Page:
Of course, it is important to always ask kindly before stroking any strange dog (much less hugging any strange dog), but don’t just assume that a dog is dangerous or aggressive just because of their breed/type.
Also, breed bans don’t work. Breed bans just unfairly target all dogs of a particular breed/s/type/s/appearance. Breed bans result in innocent dogs being taken away, locked up, distressed and pining for their people and (maybe) their homes, seized and killed. Breed bans result in people being devastated and heartbroken after having their beloved dogs taken away and killed for no good reason. What could potentially be a much more effective approach would be to implement laws requiring that all schoolchildren be educated about how to behave around dogs, how to treat dogs, how to approach dogs and how to respect dogs (and all animals, and people!) and how to treat them kindly, and why it is always important to do so. Another strategy that could potentially greatly reduce the number of dog attacks on people would be to legally require all new dog carers to take their dogs (whether puppies or adult dogs) to socialisation classes and humane, positive reinforcement training classes, and to also train and socialise their dogs themselves, outside of the classes.
Please, don’t be prejudiced or discriminate against any sentient being/s based on their appearance, breed, type, species, subspecies, genetics, race, ethnicity, nationality, gender, gender identity, disability, neurological condition, sex, sexuality, religion, faith, culture, lifestyle, beliefs, the colour of their skin, their eye colour, hair colour or any other difference. We are all sentient beings, and we all matter!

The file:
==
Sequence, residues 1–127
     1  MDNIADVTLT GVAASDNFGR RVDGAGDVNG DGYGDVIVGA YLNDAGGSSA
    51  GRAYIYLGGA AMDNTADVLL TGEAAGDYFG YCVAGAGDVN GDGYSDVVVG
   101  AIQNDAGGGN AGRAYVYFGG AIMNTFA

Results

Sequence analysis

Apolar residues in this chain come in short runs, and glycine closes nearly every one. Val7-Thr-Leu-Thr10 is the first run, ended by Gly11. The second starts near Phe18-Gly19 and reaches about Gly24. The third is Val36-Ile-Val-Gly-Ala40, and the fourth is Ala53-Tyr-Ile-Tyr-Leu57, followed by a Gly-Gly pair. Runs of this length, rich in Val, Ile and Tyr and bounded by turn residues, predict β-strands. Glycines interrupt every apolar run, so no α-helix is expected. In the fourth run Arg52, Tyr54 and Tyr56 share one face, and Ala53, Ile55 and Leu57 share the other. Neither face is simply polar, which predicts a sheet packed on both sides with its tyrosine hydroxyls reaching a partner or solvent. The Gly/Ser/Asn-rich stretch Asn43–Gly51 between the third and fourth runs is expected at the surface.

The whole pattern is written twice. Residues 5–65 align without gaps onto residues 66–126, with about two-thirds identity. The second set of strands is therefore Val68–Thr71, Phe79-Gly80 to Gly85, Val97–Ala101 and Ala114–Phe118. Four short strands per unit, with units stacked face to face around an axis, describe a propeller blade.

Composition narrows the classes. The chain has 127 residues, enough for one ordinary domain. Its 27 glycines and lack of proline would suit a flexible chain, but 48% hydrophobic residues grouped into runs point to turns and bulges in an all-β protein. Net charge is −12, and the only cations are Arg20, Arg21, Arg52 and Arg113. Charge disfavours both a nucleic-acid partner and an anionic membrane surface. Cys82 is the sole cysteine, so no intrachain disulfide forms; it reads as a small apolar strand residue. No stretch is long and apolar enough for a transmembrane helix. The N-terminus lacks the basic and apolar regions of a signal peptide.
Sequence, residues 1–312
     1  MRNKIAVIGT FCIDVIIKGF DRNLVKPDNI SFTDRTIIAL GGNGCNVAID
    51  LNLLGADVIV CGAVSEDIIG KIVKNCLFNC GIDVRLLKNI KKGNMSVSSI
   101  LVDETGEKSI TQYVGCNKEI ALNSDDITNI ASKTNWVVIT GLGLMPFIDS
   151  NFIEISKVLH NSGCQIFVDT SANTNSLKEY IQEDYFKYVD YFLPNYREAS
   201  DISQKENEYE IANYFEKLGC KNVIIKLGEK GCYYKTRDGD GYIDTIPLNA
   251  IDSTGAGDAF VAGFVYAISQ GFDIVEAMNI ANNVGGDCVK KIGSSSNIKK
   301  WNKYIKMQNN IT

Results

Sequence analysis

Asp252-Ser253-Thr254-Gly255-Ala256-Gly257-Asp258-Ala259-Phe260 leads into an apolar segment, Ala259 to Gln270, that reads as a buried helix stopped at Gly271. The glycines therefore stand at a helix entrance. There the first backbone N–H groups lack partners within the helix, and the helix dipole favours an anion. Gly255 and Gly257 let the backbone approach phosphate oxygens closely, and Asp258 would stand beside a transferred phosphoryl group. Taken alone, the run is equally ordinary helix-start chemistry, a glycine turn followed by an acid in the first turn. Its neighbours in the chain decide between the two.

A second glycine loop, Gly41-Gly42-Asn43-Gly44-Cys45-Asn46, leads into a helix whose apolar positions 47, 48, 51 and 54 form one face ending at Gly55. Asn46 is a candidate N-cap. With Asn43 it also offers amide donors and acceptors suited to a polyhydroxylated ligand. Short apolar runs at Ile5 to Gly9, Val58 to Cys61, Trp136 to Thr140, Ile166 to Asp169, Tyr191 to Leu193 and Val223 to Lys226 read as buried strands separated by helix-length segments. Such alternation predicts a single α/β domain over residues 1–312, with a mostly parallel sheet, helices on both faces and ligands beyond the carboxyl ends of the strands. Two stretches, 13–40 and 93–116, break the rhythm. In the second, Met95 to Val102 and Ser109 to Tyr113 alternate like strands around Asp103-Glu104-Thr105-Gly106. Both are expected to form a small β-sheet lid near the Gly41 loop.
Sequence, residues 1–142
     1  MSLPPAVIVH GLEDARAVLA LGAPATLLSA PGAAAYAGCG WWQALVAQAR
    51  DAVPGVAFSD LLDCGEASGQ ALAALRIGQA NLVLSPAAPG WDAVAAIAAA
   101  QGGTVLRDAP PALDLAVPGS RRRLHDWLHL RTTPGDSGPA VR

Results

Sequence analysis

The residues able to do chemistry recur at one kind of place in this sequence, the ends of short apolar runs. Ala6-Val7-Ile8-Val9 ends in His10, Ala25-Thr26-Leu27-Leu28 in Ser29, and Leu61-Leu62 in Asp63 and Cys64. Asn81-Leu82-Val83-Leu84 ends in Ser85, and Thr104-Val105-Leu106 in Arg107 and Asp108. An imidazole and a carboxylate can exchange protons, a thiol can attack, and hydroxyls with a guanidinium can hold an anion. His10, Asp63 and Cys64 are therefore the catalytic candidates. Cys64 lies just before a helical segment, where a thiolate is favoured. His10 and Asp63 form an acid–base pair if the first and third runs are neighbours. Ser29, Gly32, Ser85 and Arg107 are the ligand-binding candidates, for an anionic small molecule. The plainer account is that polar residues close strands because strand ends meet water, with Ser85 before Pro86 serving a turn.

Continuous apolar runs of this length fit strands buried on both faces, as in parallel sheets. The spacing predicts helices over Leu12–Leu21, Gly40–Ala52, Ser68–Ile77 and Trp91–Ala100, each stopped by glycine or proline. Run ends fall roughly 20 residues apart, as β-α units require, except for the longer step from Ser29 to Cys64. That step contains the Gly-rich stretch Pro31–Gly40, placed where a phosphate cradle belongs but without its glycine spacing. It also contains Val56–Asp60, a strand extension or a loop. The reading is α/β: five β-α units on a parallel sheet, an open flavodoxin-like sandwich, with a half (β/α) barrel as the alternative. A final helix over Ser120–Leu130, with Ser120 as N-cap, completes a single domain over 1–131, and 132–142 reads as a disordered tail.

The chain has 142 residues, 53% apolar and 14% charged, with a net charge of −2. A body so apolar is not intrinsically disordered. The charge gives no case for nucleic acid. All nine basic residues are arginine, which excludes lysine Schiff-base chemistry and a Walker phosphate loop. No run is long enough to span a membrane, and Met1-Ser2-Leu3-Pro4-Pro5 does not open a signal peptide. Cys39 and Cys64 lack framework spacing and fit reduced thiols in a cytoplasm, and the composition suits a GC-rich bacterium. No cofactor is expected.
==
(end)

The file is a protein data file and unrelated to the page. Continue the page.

Kathy Lauren

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While dog breeds do have intrinsic characteristics, a dog's personality is determined by its human's personality. An idiot human will have an idiot dog. Any dog can be trained to be an idiot.

Pit bulls (and AmStaffs and other aliases) were bred to be big and strong and loyal. Because they are loyal, they are very good with kids that they know and family. The loyalty can be used to make them aggressive towards people they don't know. When they bite, they can do a lot of damage because they are big and strong. If their training is traumatic or if they are used for fighting, they can have PTSD. Some can never be rehabilitated. On the other hand, one that is trained to be a loving pet will be the best pet imaginable.

My wife and I had a doberman quite a few years ago. Dobies are her favourite breed, and she had a couple of others before we met. Dobermans are real sweetheart couch-potatoes. They have a reputation as guard dogs because they are big and strong and athletic, and the cropped ears (now banned in many places) make them look fierce. Like any dog, they can be trained to be idiots.